On the one hand, India is a very young country. Every year 10 million (new) people will come into the job market, so how to create livelihoods for those many people every year?. On the other, how to manage the scarce resources that India has— we are 17% of global population, but we have only 2.4% of land mass, 4% of water resources and 1% of forest resources. We have one billion-odd people and everybody wants to upgrade the standard of living. So what would happen to the quality of air and to the quality of soil?
Traditionally, our balance sheets do not reflect the cost of all the resources that we use—the carbon that we emit, the water that we use, and what replenishment (of these resources) would cost.
In the developed world, people now have begun to decide what they buy based on how responsible the manufacturer is, and in India, too, in the long run, society’s well-being and businesses’ well-being will converge. The problem is only in the short run, when businesses incur a cost, so they let the society bear the cost, but over a period of time, if society prospers, businesses will also prosper.
Creating potential markets and creating sustainable livelihoods are two sides of the same coin—if people don’t have income, there won’t be markets.
The problem is whether you can bear that cost in your balance sheet. So you have to find a way to be compensated for it. But I am sure over a period of time the goodwill that we create will translate into better returns for shareholders as well.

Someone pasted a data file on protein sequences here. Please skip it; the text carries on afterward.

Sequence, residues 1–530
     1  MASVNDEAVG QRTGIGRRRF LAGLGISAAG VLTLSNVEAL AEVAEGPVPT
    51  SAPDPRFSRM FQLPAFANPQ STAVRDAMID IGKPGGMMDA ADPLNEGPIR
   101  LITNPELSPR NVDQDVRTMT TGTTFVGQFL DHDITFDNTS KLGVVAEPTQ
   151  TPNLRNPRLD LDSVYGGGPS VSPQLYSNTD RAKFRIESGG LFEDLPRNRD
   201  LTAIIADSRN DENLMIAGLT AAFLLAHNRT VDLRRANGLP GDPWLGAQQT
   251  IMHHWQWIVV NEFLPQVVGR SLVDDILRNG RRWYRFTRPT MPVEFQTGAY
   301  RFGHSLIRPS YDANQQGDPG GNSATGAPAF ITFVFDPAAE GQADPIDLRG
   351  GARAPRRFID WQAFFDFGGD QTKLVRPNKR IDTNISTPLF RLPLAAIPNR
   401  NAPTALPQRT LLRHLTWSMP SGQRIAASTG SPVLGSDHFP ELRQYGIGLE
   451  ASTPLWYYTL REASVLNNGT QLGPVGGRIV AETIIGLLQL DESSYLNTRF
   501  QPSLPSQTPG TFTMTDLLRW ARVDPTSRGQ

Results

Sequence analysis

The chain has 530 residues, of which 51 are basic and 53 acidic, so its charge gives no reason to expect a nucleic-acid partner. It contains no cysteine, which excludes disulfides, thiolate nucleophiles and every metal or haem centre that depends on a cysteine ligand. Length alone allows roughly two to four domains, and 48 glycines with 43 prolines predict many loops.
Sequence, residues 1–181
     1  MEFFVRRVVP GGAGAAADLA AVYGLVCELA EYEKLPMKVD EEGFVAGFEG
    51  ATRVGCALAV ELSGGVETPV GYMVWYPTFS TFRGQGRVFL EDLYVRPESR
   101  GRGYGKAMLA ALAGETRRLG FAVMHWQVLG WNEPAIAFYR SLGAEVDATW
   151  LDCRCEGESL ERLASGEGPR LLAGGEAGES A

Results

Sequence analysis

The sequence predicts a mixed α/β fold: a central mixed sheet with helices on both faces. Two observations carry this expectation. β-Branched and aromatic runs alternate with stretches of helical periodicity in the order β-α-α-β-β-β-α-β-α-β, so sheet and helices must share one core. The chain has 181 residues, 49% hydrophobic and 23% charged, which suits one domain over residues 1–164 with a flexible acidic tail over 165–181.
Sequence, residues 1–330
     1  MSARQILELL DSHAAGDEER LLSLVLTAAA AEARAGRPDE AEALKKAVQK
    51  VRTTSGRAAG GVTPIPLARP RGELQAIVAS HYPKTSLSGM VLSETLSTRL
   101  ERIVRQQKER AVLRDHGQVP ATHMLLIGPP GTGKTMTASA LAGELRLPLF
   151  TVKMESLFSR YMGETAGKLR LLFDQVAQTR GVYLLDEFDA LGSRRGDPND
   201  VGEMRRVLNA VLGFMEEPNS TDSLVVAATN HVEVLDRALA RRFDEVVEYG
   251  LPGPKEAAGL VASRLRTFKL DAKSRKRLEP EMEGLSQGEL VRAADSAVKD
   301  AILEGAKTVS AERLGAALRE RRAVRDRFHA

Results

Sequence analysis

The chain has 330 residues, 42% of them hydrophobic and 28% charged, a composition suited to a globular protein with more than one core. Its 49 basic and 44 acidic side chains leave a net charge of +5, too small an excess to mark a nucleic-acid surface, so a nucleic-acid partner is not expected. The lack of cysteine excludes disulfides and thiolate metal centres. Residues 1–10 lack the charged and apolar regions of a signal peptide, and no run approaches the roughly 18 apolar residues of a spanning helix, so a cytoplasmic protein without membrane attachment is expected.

Shareholders cannot continue to get returns if the business is not sustainable, and if we don’t have the goodwill of the society, the business will not thrive in the future.
But how do you translate the social wealth that you create into financial gains for your company?
That’s the bigger question—companies that create such value for society, how can they be compensated in their P and L (profit and loss) account?
If consumers begin to exercise their choice in favour of those companies that not only provide goods and services of high quality, but also create additional value for society, then every company will have no choice but to do this.
But how do we communicate to consumers? How can they measure which company is doing what? ITC has been publishing a sustainability report every year—globally, there’s a major reporting initiative. And then it’s a matter of measurement and using some kind of index. We think there should be something that we call “trustmark”. A new yardstick has to be created by which people can measure what companies do.